The large audience was buzzing with anticipation as 8.00pm came, and the air of expectation grew with the passing minutes, until the moment when Mark and the musicians came on stage and there was a huge roar from the crowd, cheers and whistles.
Straight into 'Why aye man', and the sound is great, Mark is looking great in the purple striped shirt and jeans that are familiar from concert photos on the MK site, he is fit and tanned, his voice sounds full and clear, and this song is just brilliant.
This is followed immediately by 'Walk of Life' and the crowd responds rapturously with a burst of applause and cheers of delighted recognition. Richard Bennet claps his hands in rythem to the beat and a sea of hands are immediately following his lead, Chad Cromwell is giving the drums and percussion everything he has, Mark is intent over his guitar and the song rollicks along.
I was shaking with emotion at actually being at the concert, after watching videos over the years, I knew how good they would be, but my expectations were surpassed, they played with polish, perfection and precision, the sound was brilliant and the lighting effects were unbelievably good, adding to the atmosphere the band were creating.
The songs were a collection of past, previous and present and I imagine we all had our favourites, certainly when the early Dire Strait songs were played, it generated a lot of ecstatic response, time may be slipping down the old slipway, but it stood still when the classics were played.
'Romeo and Juliet' bought a great roar of applause and cheering as it began, Mark playing his beautiful National steel guitar, which is the only one I can confidently identify. Bursts of silver light flashed from it under the bright lights. Mark's voice is husky and he sang with emotion, the last line, "you and me babe, how about it," softly, echoed by his guitar, and the silent awed crowd suddenly burst into spontaneous applause, this is just such a beautiful song.
The mood was lifted by the power and force of what has almost become a Dire Straits anthem, the well loved 'Sultans of Swing' which is fantastic, especially with the glorious lighting effects. The stage is bathed in a golden glow, which slowly deepens to a bronze, it is just magical.
Mark sits down and chats about the next few songs, 'Done with Bonaparte' which is one of my favourites from his first solo CD. what an incredible delight to hear it live.
'Song for sonny liston', 'Donnegan's gone' and Mark talks about how he was inspired to write the latter, the song is a great rocker, it comes across really well live, I liked it on CD but hearing it live is even better. Someone appears on stage and says "cup of tea boss" while placing a cup down beside Mark who sips at it while explaining about his sore throat, " I've had laryngitis... what do you call it... a tonsil thingy... thanks to your antipodean doctors its cured now..." and there is a ripple amusement and a round of applause in sympathy for Mark's suffering, congratulatory for the doctor.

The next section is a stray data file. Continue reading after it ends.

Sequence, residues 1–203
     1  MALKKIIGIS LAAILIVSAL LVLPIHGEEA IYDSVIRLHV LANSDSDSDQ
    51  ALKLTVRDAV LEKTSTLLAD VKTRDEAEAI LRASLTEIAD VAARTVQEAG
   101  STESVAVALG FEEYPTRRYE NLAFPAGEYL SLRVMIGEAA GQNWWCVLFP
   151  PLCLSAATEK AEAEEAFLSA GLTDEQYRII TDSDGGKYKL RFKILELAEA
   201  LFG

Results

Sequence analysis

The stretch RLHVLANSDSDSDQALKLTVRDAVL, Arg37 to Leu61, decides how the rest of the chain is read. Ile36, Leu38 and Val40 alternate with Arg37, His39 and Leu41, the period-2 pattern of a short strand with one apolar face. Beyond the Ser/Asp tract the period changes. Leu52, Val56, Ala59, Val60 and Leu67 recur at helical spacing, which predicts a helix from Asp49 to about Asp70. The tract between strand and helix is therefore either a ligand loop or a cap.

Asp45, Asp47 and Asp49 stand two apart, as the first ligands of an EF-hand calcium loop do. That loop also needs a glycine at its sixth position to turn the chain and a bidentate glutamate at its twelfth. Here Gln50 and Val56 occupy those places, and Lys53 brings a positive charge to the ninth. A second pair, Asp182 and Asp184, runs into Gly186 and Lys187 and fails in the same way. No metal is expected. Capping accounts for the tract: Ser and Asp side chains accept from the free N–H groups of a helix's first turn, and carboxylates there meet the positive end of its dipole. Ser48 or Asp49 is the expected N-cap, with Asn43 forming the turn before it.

Back on his feet and the mood changes again, it's into the rockers with a great deal of panache.
The most intense song of the concert for me was the performance of 'Telegraph road'. The sound and the lighting combined to make this the most memorable, with Chad Cromwell driving beat, the guitars howling, and the organ flying the song along. It was like being caught up in a tornado and lightening storm simmultaneously, it was breathtaking, immensely powerful and left me gasping with increduality.
How does Mark play with such speed and dexterity? He just is the most superb guitarist in the world, there is no-one else who has his distinctive,unique style. The musicians he has around him are just excellent, of the highest class.
There is a huge ecstatic response after 'Telegraph road', I think everyone here has been left stunned with amazement and excitement after this experience, for that is what it was, hearing stupendously talented musicians playing with such passion.
The lights go down and Mark and the band go off stage, minutes of applause and cheering pass before they are back again, and the stage is an eerie blue for the haunting and soulful 'Brothers in arms', then it is the other Dire Straits anthem, 'Money for nothing' and suddenly some of the mid section on the floor are up and dancing in elation, more and more follow, arms are waving, some are singing along, it's great to watch. There is another huge outburst of applause and cheering, then it is only Mark and Guy on stage, a backdrop of navy blue with small flickering stars, a hushed atmosphere, and two gorgeous Celtic songs from the 'Local Hero' soundtrack, 'Mist covered mountains' and 'Going Home'.
The audience are still standing, swaying in time, silent, hushed, as the planitive music flows.
Then it's all over, and the crowd files out of the stadium quietly, there is little talk, I feel satiated with music, still stunned, unable to come down to earth. Outside there are headlights as the rows of cars move in a snaking trail towards the main road, I glance at the night sky, it is clearing now, clouds bunched in clusters, and I can only see one solitary star shining. How very symbolic.